Founded in 1997 by British entrepreneur Simon Woodroffe, YO! Sushi is a chain of Japanese food restaurants with over 75 locations worldwide that prides itself in providing not only delicious and unique menu items to patrons, but delivering them within a fun, innovative atmosphere as well. For example, once you have decided what you’d like to eat for lunch, don’t worry about flagging down a waitress.
At YO! Sushi, all you need to do is grab the food you desire as it comes around on the conveyor belt and dig in! After being freshly prepared in the kitchen, varieties of sushi, as well as some Japanese cooked foods are placed on a belt, which carries the food around the restaurant, allowing guests to choose whatever they’d like right from their seat!
CEO, Robin Rowland, explains how, at YO! Sushi, the idea of “keeping things fresh” doesn’t stop at the kitchen door. “It’s all about innovation. Yo! Sushi is all about delivering a whole concept in an unusual, exciting way. Amazing food, conveyor belts, exciting stuff and lots of technical systems used well. And today, 16 years along, we’re pushing boundaries again.”
How are they pushing the boundaries now, you ask? When preparing to introduce their new burger, the YO! Burger, YO! Sushi knew they needed the presentation to be just as innovative as the food, which was quite the challenge. Hailed by some as the “healthiest fast food ever,” the world’s first sushi burger debuted in June 2013. It boasts a bun made of toasted rice and is accompanied by seaweed crackers, inviting diners to “Taste the Future.” To ensure that the presentation was worthy of such a cutting-edge dish, YO! Sushi introduced the iTray.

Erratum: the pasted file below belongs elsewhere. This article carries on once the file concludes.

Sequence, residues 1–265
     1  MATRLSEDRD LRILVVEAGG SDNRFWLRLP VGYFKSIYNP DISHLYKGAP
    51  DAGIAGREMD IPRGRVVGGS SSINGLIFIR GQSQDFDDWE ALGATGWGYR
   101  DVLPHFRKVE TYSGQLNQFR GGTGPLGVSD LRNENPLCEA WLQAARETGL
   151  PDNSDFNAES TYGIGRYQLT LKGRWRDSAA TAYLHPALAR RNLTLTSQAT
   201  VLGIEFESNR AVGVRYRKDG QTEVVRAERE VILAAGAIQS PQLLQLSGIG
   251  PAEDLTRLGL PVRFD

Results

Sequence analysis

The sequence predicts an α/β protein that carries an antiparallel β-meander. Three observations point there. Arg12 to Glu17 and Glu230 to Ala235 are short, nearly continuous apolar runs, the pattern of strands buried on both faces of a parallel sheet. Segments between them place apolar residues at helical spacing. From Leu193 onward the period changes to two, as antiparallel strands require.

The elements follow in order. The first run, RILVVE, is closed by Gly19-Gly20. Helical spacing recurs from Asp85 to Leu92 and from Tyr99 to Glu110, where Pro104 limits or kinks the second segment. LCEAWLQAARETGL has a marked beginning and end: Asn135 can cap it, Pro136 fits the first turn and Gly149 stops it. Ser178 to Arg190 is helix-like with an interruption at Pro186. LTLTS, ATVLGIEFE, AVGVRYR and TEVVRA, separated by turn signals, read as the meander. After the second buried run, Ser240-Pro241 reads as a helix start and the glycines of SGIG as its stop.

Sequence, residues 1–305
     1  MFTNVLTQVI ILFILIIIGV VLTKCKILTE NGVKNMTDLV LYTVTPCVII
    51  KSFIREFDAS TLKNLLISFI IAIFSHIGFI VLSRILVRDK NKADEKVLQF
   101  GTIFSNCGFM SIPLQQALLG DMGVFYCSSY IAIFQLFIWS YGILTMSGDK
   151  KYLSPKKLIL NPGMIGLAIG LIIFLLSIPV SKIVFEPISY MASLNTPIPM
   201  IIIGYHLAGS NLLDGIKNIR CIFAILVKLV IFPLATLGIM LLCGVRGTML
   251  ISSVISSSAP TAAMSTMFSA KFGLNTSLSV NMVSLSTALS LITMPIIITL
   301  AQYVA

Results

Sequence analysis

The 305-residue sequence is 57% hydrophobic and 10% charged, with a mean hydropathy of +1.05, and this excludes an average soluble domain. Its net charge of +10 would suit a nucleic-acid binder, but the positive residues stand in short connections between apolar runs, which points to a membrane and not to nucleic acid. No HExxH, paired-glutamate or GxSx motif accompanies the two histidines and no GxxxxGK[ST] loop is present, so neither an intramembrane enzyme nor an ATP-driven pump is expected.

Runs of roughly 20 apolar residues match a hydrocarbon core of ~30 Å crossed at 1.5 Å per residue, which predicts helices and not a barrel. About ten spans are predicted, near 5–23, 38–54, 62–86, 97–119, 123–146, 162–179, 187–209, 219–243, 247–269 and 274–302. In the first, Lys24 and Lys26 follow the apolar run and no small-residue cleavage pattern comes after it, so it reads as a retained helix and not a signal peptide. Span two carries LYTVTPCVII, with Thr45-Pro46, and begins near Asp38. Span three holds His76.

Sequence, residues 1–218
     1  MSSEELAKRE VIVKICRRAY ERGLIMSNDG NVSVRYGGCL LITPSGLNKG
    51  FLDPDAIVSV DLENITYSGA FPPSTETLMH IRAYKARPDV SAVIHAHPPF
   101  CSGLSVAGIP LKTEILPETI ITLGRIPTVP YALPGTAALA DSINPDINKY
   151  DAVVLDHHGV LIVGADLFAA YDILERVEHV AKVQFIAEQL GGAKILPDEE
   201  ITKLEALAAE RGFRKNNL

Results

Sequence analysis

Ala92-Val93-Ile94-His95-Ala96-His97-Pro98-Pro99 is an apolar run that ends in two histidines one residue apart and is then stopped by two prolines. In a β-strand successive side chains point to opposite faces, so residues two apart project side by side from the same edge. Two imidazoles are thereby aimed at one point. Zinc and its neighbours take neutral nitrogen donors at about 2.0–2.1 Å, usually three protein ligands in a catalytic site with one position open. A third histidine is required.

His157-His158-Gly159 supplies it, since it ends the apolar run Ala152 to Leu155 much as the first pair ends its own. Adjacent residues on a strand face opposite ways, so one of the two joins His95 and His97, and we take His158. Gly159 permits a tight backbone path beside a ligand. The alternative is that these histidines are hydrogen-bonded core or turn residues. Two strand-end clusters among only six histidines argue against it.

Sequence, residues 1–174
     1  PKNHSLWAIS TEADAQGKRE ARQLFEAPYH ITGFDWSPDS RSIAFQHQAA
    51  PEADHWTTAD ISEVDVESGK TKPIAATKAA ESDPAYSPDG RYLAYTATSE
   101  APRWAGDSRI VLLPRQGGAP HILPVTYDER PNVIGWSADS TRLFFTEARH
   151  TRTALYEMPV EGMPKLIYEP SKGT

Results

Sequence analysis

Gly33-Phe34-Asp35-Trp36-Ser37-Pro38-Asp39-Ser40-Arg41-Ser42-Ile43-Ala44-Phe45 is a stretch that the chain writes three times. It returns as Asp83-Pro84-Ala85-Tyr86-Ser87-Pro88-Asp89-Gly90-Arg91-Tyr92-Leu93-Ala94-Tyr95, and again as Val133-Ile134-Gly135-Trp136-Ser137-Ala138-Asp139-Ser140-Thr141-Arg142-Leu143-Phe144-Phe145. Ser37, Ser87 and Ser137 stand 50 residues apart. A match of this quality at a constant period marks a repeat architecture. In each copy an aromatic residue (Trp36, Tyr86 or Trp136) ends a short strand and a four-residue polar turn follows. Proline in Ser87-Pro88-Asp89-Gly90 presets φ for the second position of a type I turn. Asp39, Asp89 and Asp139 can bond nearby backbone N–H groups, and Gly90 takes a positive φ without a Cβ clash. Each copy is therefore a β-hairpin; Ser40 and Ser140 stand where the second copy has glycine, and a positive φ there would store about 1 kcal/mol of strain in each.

Rowland explained, “The iTray concept came from our thinking, ‘How are we going to show people how light and exciting and fun this food type is?’” Well, they took the “light and exciting” and ran with it, because the iTray will have you saying “It’s a bird! It’s a plane! It’s… my dinner!” by delivering the food via remote control aircraft! The flying iTrays are controlled by iPad and are capable of reaching speeds of up to 25mph – although we aren’t sure that the term “fast food” should be taken that seriously. Check out the video to see the airborne burgers in action!
Copyright Davison 2013